Day 7 – By this point in the tour, the world had been seriously turned upside down by the pandemic. The Prime Minister had issued warnings that all Canadians abroad should return home immediately. Well, for us, there were no flights available out until our scheduled departure on March 22. There was nothing we could do other than just carry on birding and carry on with our scheduled itinerary. This morning, we had one last

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View from Asa Wright Nature Center, down the Arima Valley, Trinidad. March 2020 (C) Chris Charlesworth.

breakfast and one last look off the veranda at Asa Wright. Dave and Rudal loaded us up into the vans and took us down to Piarco International Airport for our flight to Tobago early this afternoon. On another note, we dropped two participants today. Slight colds are common on almost any tour during the winter months I find, so I was not surprised when somebody on the tour came down with the sniffles. They made a decision, for the better of the group, and to guides, that they would skip the Tobago portion of the tour. I’m sure it was a tough decision for them, and I was unhappy they were not able to join us for the last bit of the trip.

So, the 9 of us caught our plane to Tobago at 12:30 or so, where we were met in the arrivals area by our guide Jason. At first impression, Jason was a strapping young fellow, quite articulate, and with just the right personality to be a guide. We got onto our bus, piloted by Anthony, and headed a short distance down the road to one of the last local

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Red-crowned Woodpecker. Tobago. March 2020 (C) Chris Charlesworth.

restaurants that was allowing clients to eat inside. Virtually all restaurants and bars throughout most of the world closed down during the pandemic, and our trip ended just in time. After a bite, we visited the Bon Accord Sewage Ponds. Here, several birds, new to our trip, were seen, including Barn Swallow, White-cheeked Pintail, Yellow-bellied Elaenia, Red-crowned Woodpecker and a Whimbrel (Eurasian race). Green Herons had replaced the Striated Herons of Trinidad, and several Snowy Egrets, alongside Black-crowned Night-Heron and Anghingas were around the edge of the ponds. Jason got quite excited when we found a Southern Rough-winged Swallow, a species apparently uncommon in Tobago. Jason pointed out a tiny, drab bird called the Scrub Greenlet, explaining that it was nearly a Tobago endemic. One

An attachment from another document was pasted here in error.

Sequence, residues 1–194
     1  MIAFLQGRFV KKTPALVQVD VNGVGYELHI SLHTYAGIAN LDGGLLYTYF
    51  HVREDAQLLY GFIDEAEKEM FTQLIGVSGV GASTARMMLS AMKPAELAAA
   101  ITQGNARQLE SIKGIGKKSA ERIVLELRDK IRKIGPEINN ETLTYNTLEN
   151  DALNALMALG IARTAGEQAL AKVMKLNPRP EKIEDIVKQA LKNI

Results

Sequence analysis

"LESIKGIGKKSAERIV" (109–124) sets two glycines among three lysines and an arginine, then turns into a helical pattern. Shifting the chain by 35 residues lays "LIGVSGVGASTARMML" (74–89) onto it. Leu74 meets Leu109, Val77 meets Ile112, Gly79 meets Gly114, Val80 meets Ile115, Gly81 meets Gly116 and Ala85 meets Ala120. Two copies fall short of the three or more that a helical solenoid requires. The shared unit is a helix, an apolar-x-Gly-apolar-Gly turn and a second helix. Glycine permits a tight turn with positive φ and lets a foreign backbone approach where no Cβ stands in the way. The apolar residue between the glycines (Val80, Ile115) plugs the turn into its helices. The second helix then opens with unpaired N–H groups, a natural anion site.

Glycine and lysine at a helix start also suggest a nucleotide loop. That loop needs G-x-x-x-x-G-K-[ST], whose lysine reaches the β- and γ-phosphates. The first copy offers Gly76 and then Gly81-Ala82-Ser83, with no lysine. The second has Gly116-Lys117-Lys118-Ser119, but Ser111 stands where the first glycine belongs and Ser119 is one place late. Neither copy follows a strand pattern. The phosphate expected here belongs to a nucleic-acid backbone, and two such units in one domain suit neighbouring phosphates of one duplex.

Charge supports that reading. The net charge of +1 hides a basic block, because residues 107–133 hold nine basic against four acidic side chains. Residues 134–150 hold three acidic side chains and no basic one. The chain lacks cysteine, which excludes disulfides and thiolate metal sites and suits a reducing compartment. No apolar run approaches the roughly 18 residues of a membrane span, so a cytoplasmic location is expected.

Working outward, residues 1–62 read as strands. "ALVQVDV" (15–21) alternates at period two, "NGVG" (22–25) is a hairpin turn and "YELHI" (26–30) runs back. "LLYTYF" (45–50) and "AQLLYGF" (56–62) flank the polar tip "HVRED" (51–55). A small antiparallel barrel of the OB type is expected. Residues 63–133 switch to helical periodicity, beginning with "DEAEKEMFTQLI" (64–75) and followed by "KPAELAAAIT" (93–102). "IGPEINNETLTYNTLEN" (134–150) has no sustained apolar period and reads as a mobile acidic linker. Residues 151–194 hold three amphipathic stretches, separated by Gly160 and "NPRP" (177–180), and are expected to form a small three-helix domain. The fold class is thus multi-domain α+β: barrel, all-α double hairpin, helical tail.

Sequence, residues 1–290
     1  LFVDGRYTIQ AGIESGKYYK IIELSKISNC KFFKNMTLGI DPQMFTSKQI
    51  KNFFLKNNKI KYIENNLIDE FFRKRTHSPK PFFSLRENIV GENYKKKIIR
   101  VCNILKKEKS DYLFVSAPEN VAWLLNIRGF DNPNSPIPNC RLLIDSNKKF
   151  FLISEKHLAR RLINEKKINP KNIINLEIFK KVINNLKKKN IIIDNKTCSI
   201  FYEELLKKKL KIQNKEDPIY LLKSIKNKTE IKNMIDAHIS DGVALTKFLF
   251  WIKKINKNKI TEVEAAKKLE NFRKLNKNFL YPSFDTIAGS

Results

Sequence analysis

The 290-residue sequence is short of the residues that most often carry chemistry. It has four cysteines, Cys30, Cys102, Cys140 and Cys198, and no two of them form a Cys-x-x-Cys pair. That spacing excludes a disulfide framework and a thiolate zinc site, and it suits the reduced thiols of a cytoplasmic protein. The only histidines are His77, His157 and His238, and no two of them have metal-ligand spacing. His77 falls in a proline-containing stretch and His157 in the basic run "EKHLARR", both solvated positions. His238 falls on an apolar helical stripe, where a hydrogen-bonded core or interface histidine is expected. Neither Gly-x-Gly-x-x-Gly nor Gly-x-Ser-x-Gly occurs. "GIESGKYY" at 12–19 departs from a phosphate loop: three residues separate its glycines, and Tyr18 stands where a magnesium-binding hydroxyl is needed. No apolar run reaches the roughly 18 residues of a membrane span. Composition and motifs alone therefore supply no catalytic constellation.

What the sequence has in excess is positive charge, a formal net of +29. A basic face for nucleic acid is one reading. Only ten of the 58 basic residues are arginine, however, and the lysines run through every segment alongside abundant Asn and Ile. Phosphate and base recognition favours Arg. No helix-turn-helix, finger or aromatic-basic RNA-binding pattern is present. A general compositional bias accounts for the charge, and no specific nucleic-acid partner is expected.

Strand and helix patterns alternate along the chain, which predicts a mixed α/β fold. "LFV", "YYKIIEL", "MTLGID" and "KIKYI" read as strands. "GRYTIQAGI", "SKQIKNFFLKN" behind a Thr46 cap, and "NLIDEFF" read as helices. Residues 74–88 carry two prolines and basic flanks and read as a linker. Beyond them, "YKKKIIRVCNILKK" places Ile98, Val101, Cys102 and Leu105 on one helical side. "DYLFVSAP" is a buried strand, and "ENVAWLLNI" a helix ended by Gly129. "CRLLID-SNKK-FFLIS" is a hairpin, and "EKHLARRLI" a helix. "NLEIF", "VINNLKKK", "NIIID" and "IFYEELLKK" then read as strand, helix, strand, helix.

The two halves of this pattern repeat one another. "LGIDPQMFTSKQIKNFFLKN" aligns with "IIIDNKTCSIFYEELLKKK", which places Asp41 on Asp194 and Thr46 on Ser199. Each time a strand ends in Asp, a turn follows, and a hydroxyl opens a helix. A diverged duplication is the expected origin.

Scrub Greenlet
Scrub Greenlet. Tobago. March 2020 (C) Chris Charlesworth.

more stop was made at a place called the Tobago Plantation. It was hot, and sunny, and bird activity was low, though we did enjoy watching a couple of young Brown Pelicans sail around the lake.

The drive from one end of Trinidad, where landed at Scarborough, to the far end of the island, Speyside, where we were staying is about 27 miles and takes about an hour. It soon became apparent that tourists were currently a rare species on Tobago, as most had departed home at the requests of their national governments. When we arrived at the check-in at the Blue Waters Inn, we were greeted by friendly staff with hand sanitizer that they squirted on all of our hands. Social distancing became a thing while we were in Tobago as well as excessive hand washing. We enjoyed the view of the ocean, from the

Tobago views. March 2020 (C) Chris Charlesworth.

patio of the bar / restaurant, watching Laughing Gulls and Magnificent Frigatebirds out over the ocean, and busy little Ruddy Turnstones foraging among the seaweed on the shore. Tonight we had a buffet style dinner and as darkness fell, a chorus of Rufous-vented Chachalacas started calling up the slope nearby.

Day 8 – We had a nice leisurely morning, taking in the view while having breakfast and slurping coffee. At 10:30 AM we were met on the dock by ‘Zee’, who would take us out to Little Tobago Island aboard his glass-bottomed boat. Conditions were just right. We

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Nesting Brown Booby. Little Tobago Island. March 2020 (C) Chris Charlesworth.

chugged out past Goat Island, and on to Little Tobago Island, where Z positioned the boat so we could see a pair of nesting Brown Boobies. Our boat pulled up alongside the dock on Little Tobago Island, where we were greeted by 20 or so Laughing Gulls. Before we left the dock area, Z treated us to views of an Audubon’s Shearwater and its fuzzy chick, in a burrow in the ground. Following Z, we headed on a trail, up and over the island, and we climbed the uphill part, it was warm and humid. Once we reached the highest elevation on the trail, Z pointed out some bats in an old abandoned house. They were Miller’s Long-tongued Bats. Water features for the birds here attracted a few species such as Tropical Mockingbird, Cocoa Thrush, Brown-crested Flycatcher, Bananaquit and Black-faced Grassquit. We put in quite a concerted effort to see a Chivi Vireo, and eventually we were rewarded with